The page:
Editing data in a unix/linux pipeline by hand
April 12, 2014 6:55 PM   Subscribe

I am looking for a command line tool that will let me edit data in a shell pipeline by hand before sending it out again on STDOUT.

Essentially, I want to be able to do:


tail -n 1000 some_log_file | pipe_data_editor | sed '[some sed script]'


and be greeted with the output of tail in my favorite editor, where I can run some quick macros on it, manually remove some lines, etc, and have it go out again on STDOUT through sed. I'm imagining that it would simply save STDIN to a file in /tmp, pop open $VISUAL, and then spit the contents back on STDOUT when I saved and exited.

This seems like such an obvious utility that it has to exist, but it's really hard to google. I could write a shell script to do it, but it seems like there is probably a 25-year old unix tool that already does this and has ironed out all of the corner cases already.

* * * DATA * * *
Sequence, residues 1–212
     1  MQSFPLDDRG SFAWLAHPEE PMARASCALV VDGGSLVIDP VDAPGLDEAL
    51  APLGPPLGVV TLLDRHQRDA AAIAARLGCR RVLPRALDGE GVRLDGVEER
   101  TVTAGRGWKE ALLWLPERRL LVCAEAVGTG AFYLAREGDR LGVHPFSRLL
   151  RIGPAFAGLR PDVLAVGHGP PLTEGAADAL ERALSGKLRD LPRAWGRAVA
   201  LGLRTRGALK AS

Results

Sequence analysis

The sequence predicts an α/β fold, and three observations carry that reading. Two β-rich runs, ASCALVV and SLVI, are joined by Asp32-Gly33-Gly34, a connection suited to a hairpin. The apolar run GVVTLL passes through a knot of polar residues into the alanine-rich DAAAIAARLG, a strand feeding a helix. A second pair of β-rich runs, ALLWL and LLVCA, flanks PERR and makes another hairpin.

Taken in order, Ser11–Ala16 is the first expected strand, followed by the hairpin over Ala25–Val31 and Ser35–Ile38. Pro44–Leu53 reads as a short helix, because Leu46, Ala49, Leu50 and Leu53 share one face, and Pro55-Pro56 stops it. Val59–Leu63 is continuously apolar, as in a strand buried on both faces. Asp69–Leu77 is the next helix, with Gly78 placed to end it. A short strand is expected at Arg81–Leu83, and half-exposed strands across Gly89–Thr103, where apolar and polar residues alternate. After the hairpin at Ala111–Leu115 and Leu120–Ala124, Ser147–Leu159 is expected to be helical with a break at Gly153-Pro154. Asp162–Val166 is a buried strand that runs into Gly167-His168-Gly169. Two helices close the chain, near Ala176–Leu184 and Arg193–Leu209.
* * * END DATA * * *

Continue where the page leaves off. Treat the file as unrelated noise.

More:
posted by LiteOpera to Computers & Internet (3 answers total) 5 users marked this as a favorite
 
This probably can't exist because pipes will block. That is, the writer process will block at some point waiting for the reader to read more data, or the reader can block waiting for the writer to write. Sticking an editor in the middle sort of assumes that the writer will never block.

That being said....

cat /etc/passwd | vi -

does something interesting.

But I don't know how to make vi (actually vim) write to stdout.

Maybe,

:w! /proc/self/fd/1
posted by smcameron at 7:09 PM on April 12, 2014


Good question! vipe from moreutils does this. Found a few more ideas on this Stackoverflow thread.
posted by evariste at 7:14 PM on April 12, 2014 [4 favorites]


Thank you evariste! There's some other neat ones there as well, especially "sponge" and "pee"!
posted by LiteOpera at 7:29 PM on April 12, 2014


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